Ten years ago I opened my driver’s license renewal notice and out dropped a pink slip reminding me to have an annual mammogram. While it was touching to know that the New York State Department of Motor Vehicles cared about my breast health, I saw the pink slip as yet another example of over-the-top mammography promotion. (My husband has yet to receive any health instructions from the DMV.) When a test’s lifesaving benefit has been oversold to the public for over three decades—and the harms downplayed—any cutback in recommendations will be met with a firestorm of anger.
That’s exactly what happened yesterday when a highly respected organization recently broke ranks with others that issue screening guidelines and advised women at average risk for breast cancer to begin having regular mammograms at age 50, not age 40. The U.S. Preventive Services Task Force also changed two longstanding recommendations: women age 50 to 74 should have a mammogram every two years rather than annually (cuts down on the biopsies without altering the number of lives saved), and doctors should stop teaching women how to do breast self-examination (no benefit, more biopsies). Shock, horror, and condemnations followed the announcement in the media on Monday. Not a surprising reaction considering the advice to the public preceded the science.
The recommendation to start mammography screening at age 40 was premature to begin with, dating back to the early 1970s. Incredibly, it was based on one clinical trial conducted in the 1960s that found a 30% reduction in breast cancer deaths in the women over age 50 but no benefit for women in their forties. That clinical trial, known as the Health Insurance Plan of Greater New York study, had followed the participants for three to five years. Not unreasonably, public health officials at the time thought that the younger women in this study would eventually show a reduction in breast cancer mortality with longer followup. They didn’t bother to wait and the aggressive promotion of mammography took off after President Nixon declared the “war on cancer.” Thus began a nationwide campaign, sponsored by the American Cancer Society and the National Cancer Institute, urging women over the age of 35 to seek yearly mammograms complete with the overly optimistic message that early detection will save their lives.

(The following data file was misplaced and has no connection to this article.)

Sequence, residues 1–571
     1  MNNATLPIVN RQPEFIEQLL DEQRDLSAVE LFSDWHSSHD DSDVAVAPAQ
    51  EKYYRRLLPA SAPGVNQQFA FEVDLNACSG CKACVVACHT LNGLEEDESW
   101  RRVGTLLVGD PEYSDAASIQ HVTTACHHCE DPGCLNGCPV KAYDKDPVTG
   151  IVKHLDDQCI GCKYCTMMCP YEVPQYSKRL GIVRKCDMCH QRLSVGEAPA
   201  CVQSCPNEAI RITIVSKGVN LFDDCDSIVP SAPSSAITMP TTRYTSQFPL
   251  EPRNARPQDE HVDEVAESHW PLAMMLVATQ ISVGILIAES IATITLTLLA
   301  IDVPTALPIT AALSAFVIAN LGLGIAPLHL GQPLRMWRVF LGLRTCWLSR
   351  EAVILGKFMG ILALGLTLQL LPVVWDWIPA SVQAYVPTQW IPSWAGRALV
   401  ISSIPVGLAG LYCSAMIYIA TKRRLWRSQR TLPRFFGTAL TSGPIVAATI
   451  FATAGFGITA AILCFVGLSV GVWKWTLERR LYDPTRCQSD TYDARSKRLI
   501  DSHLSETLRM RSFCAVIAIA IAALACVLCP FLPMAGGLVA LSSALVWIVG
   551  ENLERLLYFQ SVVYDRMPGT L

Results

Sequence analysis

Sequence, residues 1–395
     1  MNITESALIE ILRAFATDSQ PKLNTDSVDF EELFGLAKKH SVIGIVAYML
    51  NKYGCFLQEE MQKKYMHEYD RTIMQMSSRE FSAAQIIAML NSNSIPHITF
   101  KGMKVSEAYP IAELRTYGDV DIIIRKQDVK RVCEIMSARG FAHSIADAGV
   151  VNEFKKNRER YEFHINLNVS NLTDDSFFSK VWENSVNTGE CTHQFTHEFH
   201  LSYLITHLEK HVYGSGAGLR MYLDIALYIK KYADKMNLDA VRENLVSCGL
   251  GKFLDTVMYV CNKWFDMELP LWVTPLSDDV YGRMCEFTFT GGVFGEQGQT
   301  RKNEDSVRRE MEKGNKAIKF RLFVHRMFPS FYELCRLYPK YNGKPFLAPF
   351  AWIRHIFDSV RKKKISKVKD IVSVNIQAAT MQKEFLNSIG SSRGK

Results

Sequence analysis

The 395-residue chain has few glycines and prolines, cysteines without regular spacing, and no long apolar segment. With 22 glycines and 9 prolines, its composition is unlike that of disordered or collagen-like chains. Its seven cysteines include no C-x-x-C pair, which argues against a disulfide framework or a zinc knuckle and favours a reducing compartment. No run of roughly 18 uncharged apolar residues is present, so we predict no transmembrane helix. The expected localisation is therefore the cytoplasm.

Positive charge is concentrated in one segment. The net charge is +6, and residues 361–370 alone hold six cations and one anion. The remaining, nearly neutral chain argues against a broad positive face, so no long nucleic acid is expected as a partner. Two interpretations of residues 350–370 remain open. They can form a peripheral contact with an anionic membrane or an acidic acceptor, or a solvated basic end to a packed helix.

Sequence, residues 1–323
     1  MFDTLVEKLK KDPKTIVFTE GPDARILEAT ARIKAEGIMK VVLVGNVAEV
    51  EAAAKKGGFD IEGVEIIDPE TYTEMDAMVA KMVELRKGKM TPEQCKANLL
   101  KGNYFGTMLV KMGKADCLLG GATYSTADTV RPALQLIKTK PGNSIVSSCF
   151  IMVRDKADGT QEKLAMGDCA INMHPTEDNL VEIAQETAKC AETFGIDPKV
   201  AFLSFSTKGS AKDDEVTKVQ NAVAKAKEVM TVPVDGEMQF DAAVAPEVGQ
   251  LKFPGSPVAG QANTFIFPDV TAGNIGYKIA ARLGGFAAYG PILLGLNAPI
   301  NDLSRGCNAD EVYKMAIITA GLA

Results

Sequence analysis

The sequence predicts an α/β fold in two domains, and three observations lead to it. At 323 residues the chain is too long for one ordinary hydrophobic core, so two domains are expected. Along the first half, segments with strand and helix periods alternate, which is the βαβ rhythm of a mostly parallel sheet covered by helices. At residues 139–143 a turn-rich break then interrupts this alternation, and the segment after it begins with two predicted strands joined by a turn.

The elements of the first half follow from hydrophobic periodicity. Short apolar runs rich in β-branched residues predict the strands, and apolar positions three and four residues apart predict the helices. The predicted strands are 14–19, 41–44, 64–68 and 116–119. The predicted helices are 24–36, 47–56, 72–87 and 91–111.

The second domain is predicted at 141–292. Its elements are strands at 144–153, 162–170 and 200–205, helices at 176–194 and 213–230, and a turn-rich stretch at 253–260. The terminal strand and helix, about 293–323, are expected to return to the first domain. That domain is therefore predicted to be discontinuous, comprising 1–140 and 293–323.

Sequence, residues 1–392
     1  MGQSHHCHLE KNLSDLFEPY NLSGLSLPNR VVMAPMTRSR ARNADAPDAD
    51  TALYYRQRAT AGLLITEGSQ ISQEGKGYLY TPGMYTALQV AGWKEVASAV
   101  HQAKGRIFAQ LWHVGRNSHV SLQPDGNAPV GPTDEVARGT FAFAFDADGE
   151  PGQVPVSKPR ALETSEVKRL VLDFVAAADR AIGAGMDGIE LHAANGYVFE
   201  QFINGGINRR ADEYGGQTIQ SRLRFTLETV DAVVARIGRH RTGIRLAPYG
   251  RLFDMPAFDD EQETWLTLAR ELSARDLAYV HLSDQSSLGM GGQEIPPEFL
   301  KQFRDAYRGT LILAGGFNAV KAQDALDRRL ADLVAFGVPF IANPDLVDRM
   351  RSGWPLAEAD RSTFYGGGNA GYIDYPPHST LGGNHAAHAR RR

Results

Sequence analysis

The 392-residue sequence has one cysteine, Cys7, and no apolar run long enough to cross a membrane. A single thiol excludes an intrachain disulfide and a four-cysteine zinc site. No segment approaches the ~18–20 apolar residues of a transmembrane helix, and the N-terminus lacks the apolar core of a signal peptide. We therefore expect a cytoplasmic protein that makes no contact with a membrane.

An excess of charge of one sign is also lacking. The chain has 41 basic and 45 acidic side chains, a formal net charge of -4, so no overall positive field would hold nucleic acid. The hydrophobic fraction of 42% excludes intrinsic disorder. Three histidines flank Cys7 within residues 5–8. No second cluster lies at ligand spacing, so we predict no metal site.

Radiation exposure was the only acknowledged harm in this era, and it was usually dismissed as unimportant in comparison to the benefit of finding breast cancer early. By the 1980s, mammographic techniques had improved and the radiation exposure greatly reduced. A modest reduction in breast cancer deaths in younger women was found in some, but not all, clinical trials done in other countries. The largest trial intended to answer the question of mammography’s value to women in their forties found no lifesaving benefit. Basing its estimate on the trials that did find a benefit, the U.S Preventive Services Task Force concluded that one in every 1,900 women who undergo an annual mammography over a ten-year period will avoid a breast cancer death.
In 2001 the Lancet published the first evidence indicating that mammography screening leads to overtreatment without reducing mortality. The authors, both researchers at the Nordic Cochrane Centre, did an in-depth assessment of the data generated by all the randomized mammography screening trials. To this day the Cochrane researchers continue to reassess the research (read a 2009 update of their findings). What they have found is entirely counterintuitive and not confined to women in the forties. Mammograms can detect tiny cancers, but not all of them would become deadly or even produce symptoms if left untreated. Yet virtually all are treated aggressively because no test can accurately sort out the potentially lethal cancers from those that do not progress. Overdiagnosis and overtreatment are the terms for this problem, which was quantified in a study published recently in the British Medical Journal, showing that one in three cancers found on a mammogram would not become life-threatening. This should have been the major reason for the change in recommendations, but the media coverage frequently presented mammography’s major harm as the anxiety from false alarms and breast biopsies. As for the other major harm—radiation exposure—the USPSTF cites this estimate, “annual mammography of 100,000 women for 10 consecutive years would result in up to 8 radiation-induced breast cancer deaths.”